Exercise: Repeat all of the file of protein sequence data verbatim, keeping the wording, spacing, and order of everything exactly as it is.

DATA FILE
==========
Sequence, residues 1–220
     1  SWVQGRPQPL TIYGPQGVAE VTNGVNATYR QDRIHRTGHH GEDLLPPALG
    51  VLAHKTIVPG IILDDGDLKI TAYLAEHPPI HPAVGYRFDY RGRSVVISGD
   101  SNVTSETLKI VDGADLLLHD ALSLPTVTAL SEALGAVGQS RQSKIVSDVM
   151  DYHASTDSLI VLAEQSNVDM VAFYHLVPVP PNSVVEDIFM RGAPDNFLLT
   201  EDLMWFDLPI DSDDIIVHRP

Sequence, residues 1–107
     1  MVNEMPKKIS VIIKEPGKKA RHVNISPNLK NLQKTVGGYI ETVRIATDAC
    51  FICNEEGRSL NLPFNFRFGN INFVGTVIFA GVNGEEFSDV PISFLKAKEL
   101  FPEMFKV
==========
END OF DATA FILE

Sequence, residues 1–220
     1  SWVQGRPQPL TIYGPQGVAE VTNGVNATYR QDRIHRTGHH GEDLLPPALG
    51  VLAHKTIVPG IILDDGDLKI TAYLAEHPPI HPAVGYRFDY RGRSVVISGD
   101  SNVTSETLKI VDGADLLLHD ALSLPTVTAL SEALGAVGQS RQSKIVSDVM
   151  DYHASTDSLI VLAEQSNVDM VAFYHLVPVP PNSVVEDIFM RGAPDNFLLT
   201  EDLMWFDLPI DSDDIIVHRP

Sequence, residues 1–107
     1  MVNEMPKKIS VIIKEPGKKA RHVNISPNLK NLQKTVGGYI ETVRIATDAC
    51  FICNEEGRSL NLPFNFRFGN INFVGTVIFA GVNGEEFSDV PISFLKAKEL
   101  FPEMFKV